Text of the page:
[Update #3: Headmaster Kagei has issued another letter dated Oct 4 to parents and staff. Some of you may have already seen it on FB or the SMIS site. The letter talks about how Kagei has spoken with some victims and was “distressed” to hear the accounts of sexual abuse. Yes, Mr. Kagei, just hearing of them is horrible–imagine experiencing them and being haunted by them for life. Mr. Kagei will identify a panel and launch yet another investigation. But who will lead these panels: SMIS payrollees who may have been abusers themselves? Or staff that have interest in silencing the stories that have ruined the only institution on their resumes for the past 30 years? Btw, what ever happened with the Archbishop’s and the police’s investigations that Kagei spoke of in the January letter? Why is there no update on those fronts after 9 months? Why didn’t Mr. Kagei write just now that these accounts will be submitted to police? Mr. Kagei needs to report on the results from actual authorities who have the power to enact consequences for these crimes. If there is nothing to report from the police, either one of two things happened: the school has not seriously engaged the police by providing evidence at all or the police were not interested. In either case, parents cannot be satisfied that some in-house panel and improvised policies will be enough to protect their sons from one of the worst crimes possible, from a school and jurisdiction that obviously have been unable to redress past multiple occurrences of it. Tuition money has gone toward paying for the retirement comfort of these abusers in Japan and Canada. Finally, we need to learn of pertinent details to audit the efficacy of future policies: where on campus were these boys abused? How were these boys separated from their class and led behind closed doors? Did any of these boys say something at the time–and if so, how did their voices die off in the system? This blog has long side-eyed the school’s practice of taking things behind closed doors, and of setting up their own panels to get the result they want–it is a classic d#$% move by admin. This new “solution” isn’t any more transparent or open to public scrutiny than anything we’ve already seen. But we are glad there has been a response. Down the path that the community is headed now, there is nowhere to hide the truth.]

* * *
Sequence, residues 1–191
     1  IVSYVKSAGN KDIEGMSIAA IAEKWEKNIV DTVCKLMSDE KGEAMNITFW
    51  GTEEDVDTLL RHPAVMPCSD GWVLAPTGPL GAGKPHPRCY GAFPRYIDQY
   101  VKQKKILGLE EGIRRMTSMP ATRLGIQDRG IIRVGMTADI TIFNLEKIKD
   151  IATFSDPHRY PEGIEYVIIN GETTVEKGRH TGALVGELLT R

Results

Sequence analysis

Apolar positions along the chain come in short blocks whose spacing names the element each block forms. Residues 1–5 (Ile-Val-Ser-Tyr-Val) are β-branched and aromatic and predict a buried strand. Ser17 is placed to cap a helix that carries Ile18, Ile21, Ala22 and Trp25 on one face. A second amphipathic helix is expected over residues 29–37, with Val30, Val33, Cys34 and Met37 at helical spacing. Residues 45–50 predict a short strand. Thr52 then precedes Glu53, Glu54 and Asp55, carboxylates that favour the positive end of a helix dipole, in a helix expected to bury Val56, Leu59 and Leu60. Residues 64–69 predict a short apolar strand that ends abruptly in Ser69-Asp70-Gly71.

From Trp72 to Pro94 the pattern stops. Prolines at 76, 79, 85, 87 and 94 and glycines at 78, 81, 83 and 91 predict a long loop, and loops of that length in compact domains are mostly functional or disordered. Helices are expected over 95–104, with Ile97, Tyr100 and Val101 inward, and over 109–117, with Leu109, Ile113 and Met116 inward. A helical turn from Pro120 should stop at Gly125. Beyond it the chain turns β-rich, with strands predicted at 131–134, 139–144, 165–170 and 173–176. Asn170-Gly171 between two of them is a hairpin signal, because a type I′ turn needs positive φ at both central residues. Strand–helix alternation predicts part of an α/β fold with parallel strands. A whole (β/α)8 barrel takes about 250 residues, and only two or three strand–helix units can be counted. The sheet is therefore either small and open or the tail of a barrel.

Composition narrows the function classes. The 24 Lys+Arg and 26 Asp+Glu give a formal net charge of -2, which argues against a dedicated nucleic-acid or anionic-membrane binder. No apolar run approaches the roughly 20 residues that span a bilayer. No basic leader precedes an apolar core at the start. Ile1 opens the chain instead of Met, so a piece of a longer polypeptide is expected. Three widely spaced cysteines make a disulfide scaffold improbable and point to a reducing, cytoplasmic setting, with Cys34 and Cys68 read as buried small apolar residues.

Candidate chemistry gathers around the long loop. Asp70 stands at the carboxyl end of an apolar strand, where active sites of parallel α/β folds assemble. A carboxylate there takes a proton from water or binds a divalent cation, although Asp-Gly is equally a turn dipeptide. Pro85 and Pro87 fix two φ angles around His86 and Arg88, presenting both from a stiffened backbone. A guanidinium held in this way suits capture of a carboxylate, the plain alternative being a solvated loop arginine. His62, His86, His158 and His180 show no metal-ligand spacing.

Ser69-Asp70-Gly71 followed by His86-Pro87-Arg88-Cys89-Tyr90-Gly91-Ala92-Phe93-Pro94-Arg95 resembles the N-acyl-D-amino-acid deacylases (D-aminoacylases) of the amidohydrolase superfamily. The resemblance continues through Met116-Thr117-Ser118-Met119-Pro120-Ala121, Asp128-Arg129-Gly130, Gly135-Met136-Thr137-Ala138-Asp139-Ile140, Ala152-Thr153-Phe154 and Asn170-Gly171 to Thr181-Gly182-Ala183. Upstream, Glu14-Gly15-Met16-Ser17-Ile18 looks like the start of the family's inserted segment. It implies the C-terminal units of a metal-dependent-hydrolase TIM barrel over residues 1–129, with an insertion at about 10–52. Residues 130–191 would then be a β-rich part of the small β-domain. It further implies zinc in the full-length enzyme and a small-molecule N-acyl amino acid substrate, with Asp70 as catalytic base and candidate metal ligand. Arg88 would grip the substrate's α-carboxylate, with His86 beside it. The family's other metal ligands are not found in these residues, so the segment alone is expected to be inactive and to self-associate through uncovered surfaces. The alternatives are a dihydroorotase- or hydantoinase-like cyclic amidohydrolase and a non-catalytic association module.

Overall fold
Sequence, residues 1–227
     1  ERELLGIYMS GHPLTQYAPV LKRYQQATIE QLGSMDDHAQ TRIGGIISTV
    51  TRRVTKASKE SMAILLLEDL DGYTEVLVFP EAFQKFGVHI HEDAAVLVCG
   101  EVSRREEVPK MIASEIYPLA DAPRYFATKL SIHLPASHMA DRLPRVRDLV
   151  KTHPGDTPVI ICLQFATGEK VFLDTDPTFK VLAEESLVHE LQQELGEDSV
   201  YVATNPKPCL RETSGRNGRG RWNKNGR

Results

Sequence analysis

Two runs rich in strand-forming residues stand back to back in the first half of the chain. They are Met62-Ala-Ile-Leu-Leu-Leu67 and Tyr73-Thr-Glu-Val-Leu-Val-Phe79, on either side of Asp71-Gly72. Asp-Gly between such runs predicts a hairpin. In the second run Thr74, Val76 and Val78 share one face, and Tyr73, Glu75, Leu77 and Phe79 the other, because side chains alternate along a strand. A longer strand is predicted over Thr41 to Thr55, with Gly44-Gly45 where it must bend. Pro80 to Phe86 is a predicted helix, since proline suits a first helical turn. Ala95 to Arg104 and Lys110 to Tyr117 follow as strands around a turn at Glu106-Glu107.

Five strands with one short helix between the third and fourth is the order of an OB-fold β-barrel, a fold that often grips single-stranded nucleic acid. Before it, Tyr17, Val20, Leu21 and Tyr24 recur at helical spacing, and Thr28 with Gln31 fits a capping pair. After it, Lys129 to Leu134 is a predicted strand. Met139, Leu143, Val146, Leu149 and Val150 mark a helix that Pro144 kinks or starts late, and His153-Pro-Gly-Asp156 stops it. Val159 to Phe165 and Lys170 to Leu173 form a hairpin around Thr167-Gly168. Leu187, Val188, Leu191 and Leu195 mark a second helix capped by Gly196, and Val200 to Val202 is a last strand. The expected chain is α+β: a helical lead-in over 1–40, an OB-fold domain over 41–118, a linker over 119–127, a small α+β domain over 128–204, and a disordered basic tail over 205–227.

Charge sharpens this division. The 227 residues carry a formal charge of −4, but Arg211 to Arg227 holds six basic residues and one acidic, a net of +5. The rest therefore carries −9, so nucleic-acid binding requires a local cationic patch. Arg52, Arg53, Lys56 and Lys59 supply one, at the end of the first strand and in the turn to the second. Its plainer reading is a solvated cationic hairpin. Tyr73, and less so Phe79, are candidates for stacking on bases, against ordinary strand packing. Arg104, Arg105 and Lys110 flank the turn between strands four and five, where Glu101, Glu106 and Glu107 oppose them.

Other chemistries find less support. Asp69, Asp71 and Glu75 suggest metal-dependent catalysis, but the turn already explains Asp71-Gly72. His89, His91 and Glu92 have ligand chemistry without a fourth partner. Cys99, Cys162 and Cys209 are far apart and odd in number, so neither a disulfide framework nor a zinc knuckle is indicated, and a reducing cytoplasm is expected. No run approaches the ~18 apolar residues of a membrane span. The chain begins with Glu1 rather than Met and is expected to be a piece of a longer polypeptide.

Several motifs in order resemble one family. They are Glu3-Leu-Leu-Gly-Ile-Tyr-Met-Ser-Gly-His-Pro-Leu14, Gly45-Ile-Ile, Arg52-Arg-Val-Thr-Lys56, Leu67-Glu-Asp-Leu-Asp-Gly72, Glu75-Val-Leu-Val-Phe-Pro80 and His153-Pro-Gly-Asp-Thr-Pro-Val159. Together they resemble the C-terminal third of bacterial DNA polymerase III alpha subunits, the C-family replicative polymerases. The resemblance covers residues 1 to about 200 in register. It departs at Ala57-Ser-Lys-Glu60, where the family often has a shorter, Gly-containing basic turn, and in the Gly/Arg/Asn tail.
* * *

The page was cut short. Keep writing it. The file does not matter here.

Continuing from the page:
[Update #1: Headmaster Saburo Kagei has sent out this Sept 11 2014 response to alumni regarding the matter of sexual abuse at the school written about in the January 2014 letter. A main point of Mr. Kagei’s latest letter is that Br. Lawrence had actually written an apology to the victim who had come forward, thus acknowledging his role in the sexual abuse. This doesn’t sound like “an allegation”, it sounds like a criminal confession by a St. Mary’s admin who committed the worst possible betrayal of trust against a child. What did the school do to bring this crime to justice? Some people in our community learned that Br. Lawrence had briefly been transferred to a sister school in Shizuoka, when this was found out, exposing Japanese children to this matter, which their families wouldn’t have known about. Mr. Kagei has now written that Br. Lawrence has simply moved away. The school is asking (in earnest) for information on any other St. Mary’s staff predators past and present. How can we be sure that this information would be treated with any kind of severity? The school needs to acknowledge that the era of the status quo admin is over. Their culture is one of hiding and confounding problems until they become epically bad. To convincingly show the school community that it is dedicated to a new era of accountable management, the entire admin needs to be replaced.]